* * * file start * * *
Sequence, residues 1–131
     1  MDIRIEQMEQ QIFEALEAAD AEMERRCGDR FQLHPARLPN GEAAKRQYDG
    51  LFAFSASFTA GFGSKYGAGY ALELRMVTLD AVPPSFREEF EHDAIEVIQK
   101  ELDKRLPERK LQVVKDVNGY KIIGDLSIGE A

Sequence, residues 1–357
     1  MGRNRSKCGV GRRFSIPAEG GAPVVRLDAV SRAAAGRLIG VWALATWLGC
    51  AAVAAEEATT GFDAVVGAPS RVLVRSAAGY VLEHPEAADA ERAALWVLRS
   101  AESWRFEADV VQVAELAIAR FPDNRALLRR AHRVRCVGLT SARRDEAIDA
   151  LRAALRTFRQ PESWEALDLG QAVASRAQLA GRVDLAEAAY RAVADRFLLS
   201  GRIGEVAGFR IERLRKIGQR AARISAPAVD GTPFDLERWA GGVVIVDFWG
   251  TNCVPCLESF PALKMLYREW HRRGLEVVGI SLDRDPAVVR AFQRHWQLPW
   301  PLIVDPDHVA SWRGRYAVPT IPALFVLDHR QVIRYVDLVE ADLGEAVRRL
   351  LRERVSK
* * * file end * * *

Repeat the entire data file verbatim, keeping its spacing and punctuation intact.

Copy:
Sequence, residues 1–131
     1  MDIRIEQMEQ QIFEALEAAD AEMERRCGDR FQLHPARLPN GEAAKRQYDG
    51  LFAFSASFTA GFGSKYGAGY ALELRMVTLD AVPPSFREEF EHDAIEVIQK
   101  ELDKRLPERK LQVVKDVNGY KIIGDLSIGE A

Sequence, residues 1–357
     1  MGRNRSKCGV GRRFSIPAEG GAPVVRLDAV SRAAAGRLIG VWALATWLGC
    51  AAVAAEEATT GFDAVVGAPS RVLVRSAAGY VLEHPEAADA ERAALWVLRS
   101  AESWRFEADV VQVAELAIAR FPDNRALLRR AHRVRCVGLT SARRDEAIDA
   151  LRAALRTFRQ PESWEALDLG QAVASRAQLA GRVDLAEAAY RAVADRFLLS
   201  GRIGEVAGFR IERLRKIGQR AARISAPAVD GTPFDLERWA GGVVIVDFWG
   251  TNCVPCLESF PALKMLYREW HRRGLEVVGI SLDRDPAVVR AFQRHWQLPW
   301  PLIVDPDHVA SWRGRYAVPT IPALFVLDHR QVIRYVDLVE ADLGEAVRRL
   351  LRERVSK